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Isabel Mendoza nació en Cali (Colombia) una ciudad famosa por la alegría y el ambiente festivo de sus ciudadanos. Los colombianos llaman a Cali “la sucursal del cielo” y una de las mayores atracciones turísticas de...
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Anne Smieszny Silva is from Cincinnati, Ohio, where she was a synchronized swimmer for eight years. She began learning Spanish in middle school. She earned Bachelor’s degrees with Honors from the Ohio State...
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Patricia Acosta is from San Juan, Puerto Rico, where at age 8 she began to show her passion for education by teaching math to her (often unwilling) friends, classmates, neighbors and pets with the help...
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Mario A. Nuñez loves Madrid… and when in Madrid, he does what the Madrileños do…eat tapas “con locura”! Somehow he also finds time to go to the museums and cultural sites…
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Angela Padron is originally from Freehold, New Jersey where she grew up in a bicultural household. She had the best of both worlds learning about her mother’s English heritage and her father’s...
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María Treviño loves to travel. Visiting Spanish-speaking countries brings her greatest satisfaction. It’s impossible for her to choose one location as each city has its own special attraction. She loves to...
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Evelyn Silva nació en la pequeña y hermosa ciudad de Cienfuegos, situada en el centro-sur de la isla de Cuba. Amante del olor del mar y del sonido de las olas al chocar con los muros, Evelyn emigró a...
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Every year, Americans around the nation get together to celebrate Hispanic Heritage Month from September 15th through October 15th. The contributions Hispanic Americans have made to the United States are endless and inspiring, and they have had a profound and positive impact on our county.

PD: Ain't nobody got time for that... Right? - Resources for your Spanish Classroom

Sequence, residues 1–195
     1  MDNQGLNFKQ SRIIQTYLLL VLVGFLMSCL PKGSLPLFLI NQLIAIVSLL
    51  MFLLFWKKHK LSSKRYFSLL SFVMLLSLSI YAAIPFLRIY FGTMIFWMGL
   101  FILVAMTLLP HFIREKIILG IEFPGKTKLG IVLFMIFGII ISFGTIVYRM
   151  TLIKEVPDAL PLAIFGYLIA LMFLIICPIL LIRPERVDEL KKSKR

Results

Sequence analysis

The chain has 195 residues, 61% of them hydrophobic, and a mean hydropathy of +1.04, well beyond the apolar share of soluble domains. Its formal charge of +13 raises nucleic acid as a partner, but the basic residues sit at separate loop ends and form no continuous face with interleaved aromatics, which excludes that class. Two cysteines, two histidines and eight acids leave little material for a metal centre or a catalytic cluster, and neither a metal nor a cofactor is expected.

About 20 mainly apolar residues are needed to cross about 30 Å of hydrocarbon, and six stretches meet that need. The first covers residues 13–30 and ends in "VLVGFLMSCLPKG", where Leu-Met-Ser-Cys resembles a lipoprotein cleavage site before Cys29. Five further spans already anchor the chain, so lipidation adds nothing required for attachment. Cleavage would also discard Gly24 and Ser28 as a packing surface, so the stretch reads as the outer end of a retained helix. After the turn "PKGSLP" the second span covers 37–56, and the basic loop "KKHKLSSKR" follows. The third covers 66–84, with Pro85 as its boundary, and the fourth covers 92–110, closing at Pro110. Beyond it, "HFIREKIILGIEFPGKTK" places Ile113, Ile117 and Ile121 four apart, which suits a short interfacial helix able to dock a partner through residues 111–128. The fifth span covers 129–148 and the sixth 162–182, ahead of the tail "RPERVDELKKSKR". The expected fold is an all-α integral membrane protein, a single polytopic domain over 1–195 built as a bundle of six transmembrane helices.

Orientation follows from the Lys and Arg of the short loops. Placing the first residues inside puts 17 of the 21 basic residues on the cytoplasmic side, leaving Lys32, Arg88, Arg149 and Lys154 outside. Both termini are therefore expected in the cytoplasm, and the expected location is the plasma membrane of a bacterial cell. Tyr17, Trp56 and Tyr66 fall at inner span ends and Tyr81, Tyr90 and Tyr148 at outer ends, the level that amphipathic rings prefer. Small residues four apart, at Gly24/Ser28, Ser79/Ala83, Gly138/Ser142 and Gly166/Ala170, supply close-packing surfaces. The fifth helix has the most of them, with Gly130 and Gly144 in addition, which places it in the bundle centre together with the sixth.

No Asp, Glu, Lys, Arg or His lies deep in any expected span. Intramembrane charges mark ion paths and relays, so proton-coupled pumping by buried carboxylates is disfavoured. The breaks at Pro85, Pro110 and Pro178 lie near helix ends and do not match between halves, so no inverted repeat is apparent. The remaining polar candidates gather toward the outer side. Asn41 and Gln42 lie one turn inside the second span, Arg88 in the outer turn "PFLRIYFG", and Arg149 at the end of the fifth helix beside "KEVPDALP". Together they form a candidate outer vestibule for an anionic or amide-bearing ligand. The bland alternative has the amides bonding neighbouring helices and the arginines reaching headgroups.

By Spanish Classroom 1858 Views Leave a comment Go to comments
Sep 10

Back to School with Screaming

Anne Silva

Well, for most of us, back-to-school has come and gone. The new-car smell went out of the classroom right about day 3, most of our snazzy G2 gel pens have gone AWOL, and we're settling into the trenches for another productive year. Good intentions still abound, even if some of that nervous energy from the first week back has been replaced with good old-fashioned alarm-clock loathing. 

So I must be crazy to bring up Professional Development now, right as we get into the stride of the school year, right? Who has time for PD when we're just figuring out who has lunchroom duty today, answering a dozen parent emails every morning, and scheduling a blue million committee meetings as though we had any time or energy to spare? 

Well. I've been accused of craziness before, but hear me out: the time for giving a fleeting thought to PD is NOW. Whether you're a low-teacher-on-the-totem-pole at an underfunded school, or the Grand Poobah of the World Languages Department at a swanky academy, a little bit of professional development can put some wind in your sails when you most need it and give a little boost to your everyday classes. And if you make a little teeny bit of an effort now, you can put things in order so that you can get that much-needed boost later on in the year.